Such is how my once friend and colleague, Paul Weinman, is described in a tribute posted in the Albany Times Union today. He just died from the complications of Alzheimer’s. He was 75 years old. The newspaper piece celebrates Paul’s delightfully skewed lifestyle and creative pursuits and is an entertaining read even if you never knew him.

I met Paul when I began working at the New York State Museum in 1980. He already was a fixture and a legend in that institution, often annoying the staid administrators with his controversial off-site antics, while, at the same time, becoming a beloved and entertaining teacher in the Museum’s educational program. Parents and kids alike flocked to his workshops based on the Museum’s exhibits, and inner city neighborhood kids would show up in the Museum after school hours just to hang out with Paul and be entertained by his adventurous historical tales and re-enactments of life in the wilderness of the Adirondacks. He treated all kids with respect and affirmation; he dealt with adults with honest response to the way in which they dealt with him; he responded to the hypocrisies of every power structure with naively gutsy irreverence.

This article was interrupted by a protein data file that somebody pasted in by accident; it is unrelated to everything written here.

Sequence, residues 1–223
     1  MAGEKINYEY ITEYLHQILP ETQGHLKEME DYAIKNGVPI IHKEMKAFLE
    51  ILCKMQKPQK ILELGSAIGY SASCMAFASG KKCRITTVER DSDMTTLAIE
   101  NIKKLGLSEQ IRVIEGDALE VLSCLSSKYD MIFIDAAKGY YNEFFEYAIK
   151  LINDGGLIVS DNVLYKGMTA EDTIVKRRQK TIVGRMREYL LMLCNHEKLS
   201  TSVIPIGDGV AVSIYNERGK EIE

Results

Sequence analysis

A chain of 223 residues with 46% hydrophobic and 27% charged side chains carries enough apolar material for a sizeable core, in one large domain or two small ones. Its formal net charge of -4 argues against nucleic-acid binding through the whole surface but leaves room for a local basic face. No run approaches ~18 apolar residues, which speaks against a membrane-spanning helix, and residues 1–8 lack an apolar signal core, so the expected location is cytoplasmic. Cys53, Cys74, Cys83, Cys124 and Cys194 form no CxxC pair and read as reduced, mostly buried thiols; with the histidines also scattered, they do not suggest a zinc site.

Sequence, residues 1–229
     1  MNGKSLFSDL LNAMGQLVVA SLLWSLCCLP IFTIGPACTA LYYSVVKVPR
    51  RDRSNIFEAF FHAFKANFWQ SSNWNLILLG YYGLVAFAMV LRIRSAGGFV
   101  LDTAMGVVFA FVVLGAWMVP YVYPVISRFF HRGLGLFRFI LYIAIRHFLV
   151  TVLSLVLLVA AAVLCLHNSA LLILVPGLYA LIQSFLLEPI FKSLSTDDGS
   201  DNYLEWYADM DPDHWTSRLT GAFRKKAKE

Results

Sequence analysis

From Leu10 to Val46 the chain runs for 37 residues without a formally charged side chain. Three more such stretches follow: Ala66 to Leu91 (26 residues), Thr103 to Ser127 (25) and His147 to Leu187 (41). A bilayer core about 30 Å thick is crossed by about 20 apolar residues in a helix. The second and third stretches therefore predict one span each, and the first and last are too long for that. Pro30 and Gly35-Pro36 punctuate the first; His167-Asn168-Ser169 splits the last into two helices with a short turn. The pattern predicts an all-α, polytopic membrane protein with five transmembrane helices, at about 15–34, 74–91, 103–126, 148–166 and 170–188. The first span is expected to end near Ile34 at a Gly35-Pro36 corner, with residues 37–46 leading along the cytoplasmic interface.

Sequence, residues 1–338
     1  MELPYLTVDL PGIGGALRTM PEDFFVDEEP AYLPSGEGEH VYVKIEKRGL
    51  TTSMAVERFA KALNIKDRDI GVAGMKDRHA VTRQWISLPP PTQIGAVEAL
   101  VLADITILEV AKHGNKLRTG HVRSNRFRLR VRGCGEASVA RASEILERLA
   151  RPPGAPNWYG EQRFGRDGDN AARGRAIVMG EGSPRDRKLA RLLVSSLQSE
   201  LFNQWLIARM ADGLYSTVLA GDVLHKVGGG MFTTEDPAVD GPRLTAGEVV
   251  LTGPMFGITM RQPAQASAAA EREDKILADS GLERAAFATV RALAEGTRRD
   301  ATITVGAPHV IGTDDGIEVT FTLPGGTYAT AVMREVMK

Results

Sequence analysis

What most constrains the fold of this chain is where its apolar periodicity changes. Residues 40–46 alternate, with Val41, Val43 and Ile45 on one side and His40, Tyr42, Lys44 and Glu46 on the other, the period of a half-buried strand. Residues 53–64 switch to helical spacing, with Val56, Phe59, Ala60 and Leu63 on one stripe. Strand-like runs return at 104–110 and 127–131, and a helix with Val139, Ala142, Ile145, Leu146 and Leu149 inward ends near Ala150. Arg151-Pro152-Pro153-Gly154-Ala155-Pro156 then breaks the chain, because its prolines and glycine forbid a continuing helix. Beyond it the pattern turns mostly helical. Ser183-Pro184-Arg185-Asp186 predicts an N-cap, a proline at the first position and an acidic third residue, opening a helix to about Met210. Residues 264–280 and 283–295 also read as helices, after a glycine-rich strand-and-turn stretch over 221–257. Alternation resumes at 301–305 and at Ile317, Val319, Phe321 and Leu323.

My professional path crossed with Paul’s because we were both poets in an institution that shared a building with the New York Sate Library and Archives and that often held literature-related events. Together, Paul and I organized and hosted the Museum’s annual “Banned Book Week” public readings. We held ekphrastic poetry events in conjunction with Museum art exhibits. We worked well together as colleagues supporting the educational mission of the New York State Museum.